First night out in Copenhagen. First few days of class. It’s already been a total whirlwind and it’s pretty obvious all the excitement isn’t going to end any time soon. I’m totally exhausted…but definitely having the time of my life. Us Americans at the Folkehøjskole have become extremely close. A few nights ago we all decided to go into Copenhagen to enjoy the city nightlife for the first time…which ended up being a hilarious adventure. The nightlife here is amazing. Intense dance parties, great music, awesome lights, bruises from dancing in cages…you get the idea. After a crazy night we had no idea how much crazier it would get. Basically at night the bus we have to take back to our place runs only once an hour…and we missed our bus by one minute (after running around the city trying to figure out where to go…which was fun in heels). Some of us decided to take a quick catnap at the station while we waited…which made for some pretty good pictures. After getting back to our small town, we realized we had missed ANOTHER bus, and before we had to walk 3 miles home, a taxi magically appeared. Although the Copenhagen transportation system basically defeated us, it was actually funny and definitely a night I will never forget. We all learned our lesson and have gotten a better hang of things now! Tonight we are going back into Copenhagen to see Bassnectar for only $13. Can’t wait.

My first day of classes were amazing. I’m so lucky to be apart of such an amazing program here at DIS! All of the teachers are really hands on and build their curriculum around our interests. Our classes use all of Europe as part of their classroom, and we get to travel with each class around Denmark and Europe to get hands on experience with things relating to the class subject. I’m taking European Trends in Communications, Photojournalism, Holocaust and Genocide, and Psychology of Human Sexuality. I’m so excited to go to London for one of my classes, since it’s the main communications hub of Europe. Danish teachers are so awesome and cute. There’s something about them that makes them so unique, but I haven’t been able to figure it out. They are a lot more straight forward than any American teacher I’ve ever had.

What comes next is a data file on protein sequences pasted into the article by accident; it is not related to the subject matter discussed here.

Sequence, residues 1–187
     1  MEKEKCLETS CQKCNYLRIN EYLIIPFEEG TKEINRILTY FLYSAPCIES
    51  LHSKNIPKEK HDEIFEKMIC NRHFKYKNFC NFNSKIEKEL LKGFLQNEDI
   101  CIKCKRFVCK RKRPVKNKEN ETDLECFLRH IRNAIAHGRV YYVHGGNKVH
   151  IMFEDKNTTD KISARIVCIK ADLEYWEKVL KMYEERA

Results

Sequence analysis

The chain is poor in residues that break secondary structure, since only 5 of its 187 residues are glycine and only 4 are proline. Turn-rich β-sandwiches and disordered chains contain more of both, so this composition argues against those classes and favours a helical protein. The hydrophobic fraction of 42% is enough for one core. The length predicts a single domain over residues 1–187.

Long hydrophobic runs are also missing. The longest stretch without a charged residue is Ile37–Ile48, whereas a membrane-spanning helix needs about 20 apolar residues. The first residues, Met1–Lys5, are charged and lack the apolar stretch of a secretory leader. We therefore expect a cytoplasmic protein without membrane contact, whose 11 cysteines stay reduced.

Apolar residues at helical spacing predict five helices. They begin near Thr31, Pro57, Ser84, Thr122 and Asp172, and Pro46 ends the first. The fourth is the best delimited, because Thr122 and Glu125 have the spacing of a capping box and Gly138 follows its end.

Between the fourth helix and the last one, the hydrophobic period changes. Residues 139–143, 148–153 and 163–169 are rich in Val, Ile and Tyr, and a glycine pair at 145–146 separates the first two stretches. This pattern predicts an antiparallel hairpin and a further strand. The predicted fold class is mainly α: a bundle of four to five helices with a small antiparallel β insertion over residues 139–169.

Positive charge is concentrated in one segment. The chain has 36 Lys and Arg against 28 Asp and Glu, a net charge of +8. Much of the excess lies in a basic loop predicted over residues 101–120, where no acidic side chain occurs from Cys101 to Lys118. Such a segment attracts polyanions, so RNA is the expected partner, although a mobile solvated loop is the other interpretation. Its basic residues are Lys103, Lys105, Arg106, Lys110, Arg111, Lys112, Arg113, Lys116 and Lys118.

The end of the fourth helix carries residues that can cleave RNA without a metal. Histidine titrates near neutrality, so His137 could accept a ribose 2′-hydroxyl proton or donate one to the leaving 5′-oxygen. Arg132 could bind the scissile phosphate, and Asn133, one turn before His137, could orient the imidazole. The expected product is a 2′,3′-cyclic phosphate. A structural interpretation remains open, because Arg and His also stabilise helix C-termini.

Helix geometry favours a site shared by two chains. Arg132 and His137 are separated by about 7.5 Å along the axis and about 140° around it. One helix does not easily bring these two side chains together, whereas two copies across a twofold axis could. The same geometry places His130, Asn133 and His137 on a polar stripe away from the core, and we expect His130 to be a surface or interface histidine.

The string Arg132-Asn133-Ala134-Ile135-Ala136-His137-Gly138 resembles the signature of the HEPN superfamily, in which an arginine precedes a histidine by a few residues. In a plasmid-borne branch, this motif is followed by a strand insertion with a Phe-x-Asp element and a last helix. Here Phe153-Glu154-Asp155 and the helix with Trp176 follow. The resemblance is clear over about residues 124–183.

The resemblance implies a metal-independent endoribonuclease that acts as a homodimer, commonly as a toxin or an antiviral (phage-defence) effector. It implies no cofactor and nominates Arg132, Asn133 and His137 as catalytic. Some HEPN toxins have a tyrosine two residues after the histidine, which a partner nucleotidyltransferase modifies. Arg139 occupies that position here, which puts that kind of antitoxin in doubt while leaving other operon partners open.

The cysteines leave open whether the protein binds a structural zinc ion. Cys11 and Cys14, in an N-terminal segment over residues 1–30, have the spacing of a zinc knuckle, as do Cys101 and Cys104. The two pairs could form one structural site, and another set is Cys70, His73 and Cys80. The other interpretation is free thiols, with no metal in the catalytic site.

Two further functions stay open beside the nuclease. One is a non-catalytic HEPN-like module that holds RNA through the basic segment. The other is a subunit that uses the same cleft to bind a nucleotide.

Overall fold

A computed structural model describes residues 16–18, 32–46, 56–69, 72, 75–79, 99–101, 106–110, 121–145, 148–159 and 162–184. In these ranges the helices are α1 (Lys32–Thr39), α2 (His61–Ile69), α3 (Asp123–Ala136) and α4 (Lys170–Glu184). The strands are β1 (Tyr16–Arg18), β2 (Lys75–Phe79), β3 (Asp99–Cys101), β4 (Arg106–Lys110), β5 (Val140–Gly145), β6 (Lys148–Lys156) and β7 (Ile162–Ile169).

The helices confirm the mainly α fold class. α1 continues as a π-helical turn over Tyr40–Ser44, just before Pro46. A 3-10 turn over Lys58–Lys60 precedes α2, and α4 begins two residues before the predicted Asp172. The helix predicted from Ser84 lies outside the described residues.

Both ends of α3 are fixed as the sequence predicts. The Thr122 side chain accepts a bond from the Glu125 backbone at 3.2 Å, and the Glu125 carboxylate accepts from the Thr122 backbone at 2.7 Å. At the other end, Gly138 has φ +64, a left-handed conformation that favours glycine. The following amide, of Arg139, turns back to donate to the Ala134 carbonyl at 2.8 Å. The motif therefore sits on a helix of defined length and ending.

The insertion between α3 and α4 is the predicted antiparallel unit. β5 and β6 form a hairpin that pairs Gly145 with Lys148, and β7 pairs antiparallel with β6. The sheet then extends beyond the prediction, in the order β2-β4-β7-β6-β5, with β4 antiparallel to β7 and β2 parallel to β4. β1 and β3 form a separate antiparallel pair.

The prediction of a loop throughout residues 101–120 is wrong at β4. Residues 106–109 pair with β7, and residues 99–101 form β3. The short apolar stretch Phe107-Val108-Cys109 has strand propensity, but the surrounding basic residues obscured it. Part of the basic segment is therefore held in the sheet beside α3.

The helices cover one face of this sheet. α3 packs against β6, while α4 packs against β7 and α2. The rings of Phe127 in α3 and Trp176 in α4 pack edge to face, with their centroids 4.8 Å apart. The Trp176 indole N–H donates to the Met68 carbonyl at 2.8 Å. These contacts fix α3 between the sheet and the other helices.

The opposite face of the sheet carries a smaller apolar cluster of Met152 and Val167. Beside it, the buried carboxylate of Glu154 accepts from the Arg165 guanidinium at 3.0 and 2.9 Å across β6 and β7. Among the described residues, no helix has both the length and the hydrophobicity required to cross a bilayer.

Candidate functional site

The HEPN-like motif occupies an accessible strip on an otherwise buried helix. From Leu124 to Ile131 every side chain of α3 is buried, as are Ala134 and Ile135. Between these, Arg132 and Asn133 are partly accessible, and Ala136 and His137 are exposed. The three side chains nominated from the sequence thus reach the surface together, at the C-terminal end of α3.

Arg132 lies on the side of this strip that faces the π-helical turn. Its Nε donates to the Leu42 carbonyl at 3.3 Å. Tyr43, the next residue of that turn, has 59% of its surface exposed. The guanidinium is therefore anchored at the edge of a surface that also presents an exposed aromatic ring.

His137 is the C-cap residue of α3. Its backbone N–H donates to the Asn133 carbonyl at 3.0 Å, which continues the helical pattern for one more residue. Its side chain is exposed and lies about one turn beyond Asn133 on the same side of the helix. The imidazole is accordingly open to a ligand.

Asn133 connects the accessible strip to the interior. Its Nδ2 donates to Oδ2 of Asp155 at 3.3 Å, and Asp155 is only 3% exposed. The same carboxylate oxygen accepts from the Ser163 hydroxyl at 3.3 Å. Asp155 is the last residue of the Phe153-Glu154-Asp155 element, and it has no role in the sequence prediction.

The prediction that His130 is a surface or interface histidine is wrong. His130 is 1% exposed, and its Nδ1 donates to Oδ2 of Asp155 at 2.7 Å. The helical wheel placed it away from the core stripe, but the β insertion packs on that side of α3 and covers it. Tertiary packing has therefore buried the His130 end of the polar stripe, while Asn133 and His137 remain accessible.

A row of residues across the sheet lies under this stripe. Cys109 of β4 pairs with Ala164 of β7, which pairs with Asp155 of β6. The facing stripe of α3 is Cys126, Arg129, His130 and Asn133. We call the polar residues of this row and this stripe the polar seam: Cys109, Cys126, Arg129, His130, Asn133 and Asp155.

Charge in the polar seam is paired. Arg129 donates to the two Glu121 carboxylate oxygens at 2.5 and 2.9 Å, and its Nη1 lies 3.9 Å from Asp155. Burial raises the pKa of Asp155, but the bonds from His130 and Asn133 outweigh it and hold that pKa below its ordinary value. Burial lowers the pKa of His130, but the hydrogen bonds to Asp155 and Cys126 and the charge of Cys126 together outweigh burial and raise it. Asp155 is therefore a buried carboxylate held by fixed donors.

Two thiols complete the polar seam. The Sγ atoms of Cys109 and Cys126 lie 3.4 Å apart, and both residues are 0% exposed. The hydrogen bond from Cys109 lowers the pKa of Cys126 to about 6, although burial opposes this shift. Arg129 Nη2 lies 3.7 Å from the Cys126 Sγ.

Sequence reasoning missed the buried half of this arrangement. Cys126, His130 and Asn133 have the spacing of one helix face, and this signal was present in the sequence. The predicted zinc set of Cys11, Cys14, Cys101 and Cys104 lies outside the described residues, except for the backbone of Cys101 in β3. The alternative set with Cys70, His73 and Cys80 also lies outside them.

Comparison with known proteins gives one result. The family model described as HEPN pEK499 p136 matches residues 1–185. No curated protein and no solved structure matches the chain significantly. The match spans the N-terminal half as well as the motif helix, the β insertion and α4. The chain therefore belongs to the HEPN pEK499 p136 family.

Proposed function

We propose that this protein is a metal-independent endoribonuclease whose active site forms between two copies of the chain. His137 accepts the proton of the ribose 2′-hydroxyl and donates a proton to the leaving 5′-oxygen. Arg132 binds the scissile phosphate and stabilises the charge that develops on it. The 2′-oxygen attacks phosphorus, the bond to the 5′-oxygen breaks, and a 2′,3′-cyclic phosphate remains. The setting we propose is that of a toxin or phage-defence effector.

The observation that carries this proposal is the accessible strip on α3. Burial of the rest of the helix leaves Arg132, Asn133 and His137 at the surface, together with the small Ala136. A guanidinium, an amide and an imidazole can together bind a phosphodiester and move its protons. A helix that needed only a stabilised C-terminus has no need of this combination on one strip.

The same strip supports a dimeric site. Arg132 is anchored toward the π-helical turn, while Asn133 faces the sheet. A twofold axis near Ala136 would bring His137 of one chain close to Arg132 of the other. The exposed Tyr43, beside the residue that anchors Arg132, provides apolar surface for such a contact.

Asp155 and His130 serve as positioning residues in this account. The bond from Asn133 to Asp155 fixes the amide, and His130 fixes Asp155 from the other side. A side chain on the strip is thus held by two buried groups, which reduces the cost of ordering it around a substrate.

Luckily my classes get out early enough for me to have time to explore the city even more. We checked out the Islands Brugge where Danes swim in man made pools right alongside the canal. We also stumbled upon a Danish equivalent to a “gourmet flea market”. So many free samples of European cheeses, wines, breads, meats, and traditional Danish open faced sandwiches. Aleah and I decided to buy some cheese, bread, and olive spread for a picnic at the castle down the street this weekend. To add to our “European fever”, we all got bikes, which is a HUGE thing here in Copenhagen. Everyone rides bikes. It’s a little intimidating but it’s a really great way to fit it and immerse us with the culture here. It’ll be interesting to see how it goes. Speaking of becoming a part of the culture here…someone mistook me for a Dane and asked me for directions today. And I even knew the answer! Major points for me.

København…the big city

Today was my first day actually going into Copenhagen! (The Danish way to say it is “København”.) Although figuring out transportation with all my new Folkehøjskole friends was pretty hilarious…the morning didn’t start off too great. With a mix of being jet lagged and having a cold I was already feeling not too great. Feeling sick when your trying to explore somewhere new and foreign is probably one of the most stressful things ever. I randomly got sick in a Danish bakery bathroom. This would be my luck. (Leaving my mark in Denmark already..?) Kind of sucked but at the same time I felt so much better afterwards, which was in perfect timing for the beginning of our city traveling. I was really proud of myself for powering through, and all my friends in my travel group were perfect for the extra comfort!

DIS sent us in groups on an “amazing race” around Copenhagen. Our group definitely added our own spin with some extra leisure time and ADD adventures, but it was a really great way to see a glimpse of the city. I hope I can fit everything in before I leave! It’s also so hot here; yesterday broke a record for the hottest day in Denmark. It was a whopping 80 degrees, a little different from the south, eh?

We’ve been taking advantage of the unusual warm weather with canal tours, picnics, and we have plans to swim in the canal and kayak sometime this week. The heat almost got too much…we had to cool off in every fountain we passed during our long walks today. It took a lot not to jump in.